Basics of Inequalities

  • Thread starter Kartik.
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Can we explain the meaning of the modulus(absolute value) with these equations?
|x| > a
=>x > a or x < -a(if a [itex]\in[/itex] R+ and x [itex]\in[/itex] R if a [itex]\in[/itex] R-
|x|<a
=> -a < x < a if a [itex]\in[/itex] R+ and no solution if a [itex]\in[/itex] R-[itex]\cup[/itex]{0}
If yes, then examples please?(for instances in x and a)
Blindly apply these equations we can solve |x-1| >= 3 as x-1<= -3 or x-1 >=3
If yes then how can we solve a inequality like |x-1| - |x| + |2x+3| > 2x +4 using the same logical statements above?
 

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haruspex
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Can we explain the meaning of the modulus(absolute value) with these equations?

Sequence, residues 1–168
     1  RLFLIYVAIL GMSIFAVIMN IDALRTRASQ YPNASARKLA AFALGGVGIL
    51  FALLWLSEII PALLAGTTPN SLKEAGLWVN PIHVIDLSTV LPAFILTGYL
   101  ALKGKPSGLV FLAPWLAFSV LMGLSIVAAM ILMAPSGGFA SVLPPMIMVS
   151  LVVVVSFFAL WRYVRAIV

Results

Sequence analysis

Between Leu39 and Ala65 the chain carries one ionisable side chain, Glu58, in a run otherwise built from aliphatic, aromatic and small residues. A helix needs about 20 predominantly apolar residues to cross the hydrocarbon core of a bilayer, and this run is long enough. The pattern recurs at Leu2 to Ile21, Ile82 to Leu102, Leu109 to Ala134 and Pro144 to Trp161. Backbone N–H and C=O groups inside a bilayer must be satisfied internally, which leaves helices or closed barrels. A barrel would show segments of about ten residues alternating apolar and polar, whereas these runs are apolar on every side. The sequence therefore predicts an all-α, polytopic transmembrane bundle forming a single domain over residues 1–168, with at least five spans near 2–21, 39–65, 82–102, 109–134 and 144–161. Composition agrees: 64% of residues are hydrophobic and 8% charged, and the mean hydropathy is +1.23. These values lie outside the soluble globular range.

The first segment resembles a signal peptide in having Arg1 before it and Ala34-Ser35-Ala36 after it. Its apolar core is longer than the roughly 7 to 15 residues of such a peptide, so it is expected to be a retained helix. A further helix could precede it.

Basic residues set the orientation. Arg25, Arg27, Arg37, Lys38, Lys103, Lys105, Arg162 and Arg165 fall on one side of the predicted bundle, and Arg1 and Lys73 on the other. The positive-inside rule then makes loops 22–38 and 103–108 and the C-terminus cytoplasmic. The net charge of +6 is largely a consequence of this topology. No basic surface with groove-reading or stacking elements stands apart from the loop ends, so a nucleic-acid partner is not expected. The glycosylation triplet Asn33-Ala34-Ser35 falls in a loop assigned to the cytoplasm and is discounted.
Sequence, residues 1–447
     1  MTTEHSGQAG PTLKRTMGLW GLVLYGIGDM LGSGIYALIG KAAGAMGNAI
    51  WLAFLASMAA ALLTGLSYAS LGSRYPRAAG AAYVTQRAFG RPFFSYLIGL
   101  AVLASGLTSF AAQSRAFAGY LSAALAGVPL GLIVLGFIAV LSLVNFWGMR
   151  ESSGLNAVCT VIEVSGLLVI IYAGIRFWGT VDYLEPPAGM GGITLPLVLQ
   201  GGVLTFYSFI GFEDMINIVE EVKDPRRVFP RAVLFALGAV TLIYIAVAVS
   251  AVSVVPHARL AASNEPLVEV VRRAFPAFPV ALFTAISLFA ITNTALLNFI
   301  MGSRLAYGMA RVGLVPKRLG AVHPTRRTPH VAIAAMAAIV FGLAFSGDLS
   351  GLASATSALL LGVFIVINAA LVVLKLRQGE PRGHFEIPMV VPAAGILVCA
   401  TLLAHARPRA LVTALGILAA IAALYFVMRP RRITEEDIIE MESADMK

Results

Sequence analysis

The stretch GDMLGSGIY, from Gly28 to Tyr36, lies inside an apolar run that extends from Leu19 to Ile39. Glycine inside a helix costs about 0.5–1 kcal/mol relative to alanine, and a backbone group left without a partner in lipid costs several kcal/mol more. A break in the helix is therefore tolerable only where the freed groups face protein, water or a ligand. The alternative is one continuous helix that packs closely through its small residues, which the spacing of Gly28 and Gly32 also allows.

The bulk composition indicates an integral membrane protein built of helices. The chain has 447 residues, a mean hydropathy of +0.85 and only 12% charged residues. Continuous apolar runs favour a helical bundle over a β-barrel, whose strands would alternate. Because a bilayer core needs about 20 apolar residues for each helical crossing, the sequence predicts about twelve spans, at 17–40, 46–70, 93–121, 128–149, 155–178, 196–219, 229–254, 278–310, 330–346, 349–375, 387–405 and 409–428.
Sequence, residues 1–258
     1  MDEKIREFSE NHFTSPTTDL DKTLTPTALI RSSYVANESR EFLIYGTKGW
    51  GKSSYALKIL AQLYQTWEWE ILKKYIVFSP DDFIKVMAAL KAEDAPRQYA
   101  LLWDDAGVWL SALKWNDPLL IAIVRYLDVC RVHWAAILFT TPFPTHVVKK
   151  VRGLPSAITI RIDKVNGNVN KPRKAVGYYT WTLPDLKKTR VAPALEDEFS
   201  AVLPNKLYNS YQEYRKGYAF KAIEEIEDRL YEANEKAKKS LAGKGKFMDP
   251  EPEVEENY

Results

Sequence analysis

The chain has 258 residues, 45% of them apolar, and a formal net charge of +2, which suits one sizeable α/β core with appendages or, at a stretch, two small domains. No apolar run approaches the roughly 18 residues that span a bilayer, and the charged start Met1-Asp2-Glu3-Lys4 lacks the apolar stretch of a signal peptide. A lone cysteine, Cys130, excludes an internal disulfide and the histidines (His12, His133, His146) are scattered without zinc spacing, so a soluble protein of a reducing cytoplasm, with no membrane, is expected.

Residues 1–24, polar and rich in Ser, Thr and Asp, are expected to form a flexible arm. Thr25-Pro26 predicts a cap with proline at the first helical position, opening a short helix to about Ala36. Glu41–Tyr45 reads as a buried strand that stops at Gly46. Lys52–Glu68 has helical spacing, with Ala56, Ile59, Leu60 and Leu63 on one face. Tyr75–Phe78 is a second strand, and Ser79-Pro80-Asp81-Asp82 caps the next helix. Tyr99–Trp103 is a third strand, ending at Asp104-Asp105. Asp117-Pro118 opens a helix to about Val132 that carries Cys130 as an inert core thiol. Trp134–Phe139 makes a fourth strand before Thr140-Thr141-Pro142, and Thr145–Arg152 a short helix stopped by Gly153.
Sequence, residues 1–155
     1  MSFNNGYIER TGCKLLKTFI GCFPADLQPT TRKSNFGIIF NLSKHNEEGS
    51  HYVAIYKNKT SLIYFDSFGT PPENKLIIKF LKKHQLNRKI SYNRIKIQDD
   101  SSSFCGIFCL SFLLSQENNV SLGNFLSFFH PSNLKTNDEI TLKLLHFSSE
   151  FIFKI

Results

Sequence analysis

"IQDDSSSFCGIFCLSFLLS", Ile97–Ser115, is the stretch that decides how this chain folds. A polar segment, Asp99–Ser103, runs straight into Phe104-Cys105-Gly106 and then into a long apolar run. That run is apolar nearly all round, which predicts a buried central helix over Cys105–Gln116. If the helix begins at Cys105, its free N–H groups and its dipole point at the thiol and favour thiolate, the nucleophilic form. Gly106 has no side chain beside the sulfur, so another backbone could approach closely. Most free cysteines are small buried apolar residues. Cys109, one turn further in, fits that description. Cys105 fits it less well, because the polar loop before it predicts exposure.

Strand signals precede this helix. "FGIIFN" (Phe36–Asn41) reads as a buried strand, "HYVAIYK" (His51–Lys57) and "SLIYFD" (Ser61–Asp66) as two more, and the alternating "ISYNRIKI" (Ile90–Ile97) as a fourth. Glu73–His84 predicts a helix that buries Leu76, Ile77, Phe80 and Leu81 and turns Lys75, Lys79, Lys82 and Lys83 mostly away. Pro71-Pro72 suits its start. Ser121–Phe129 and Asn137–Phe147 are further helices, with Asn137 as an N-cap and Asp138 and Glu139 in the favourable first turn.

|x| > a
=>x > a or x < -a (if a [itex]\in[/itex] R+ and x [itex]\in[/itex] R if a [itex]\in[/itex] R-
|x|<a
=> -a < x < a if a [itex]\in[/itex] R+ and no solution if a [itex]\in[/itex] R-[itex]\cup[/itex]{0}
Yes, that all looks right except:
|x| > a => x > a or x < -a (if a [itex]\in[/itex] R+[itex]\cup[/itex]{0}) and etc.
(or, more simply, if a >= 0).
how can we solve a inequality like |x-1| - |x| + |2x+3| > 2x +4 using the same logical statements above?
Easiest way is to break it into the different cases: x <= -2, -2 <= x <= -3/2, -3/2 <= x <= 0, 0 <= x <= 1, x >= 1.
E.g.: x <= -2:
-(x-1) - (-x) + (-2x-3) > 2x + 4
Some of these will produce contradictions.
 

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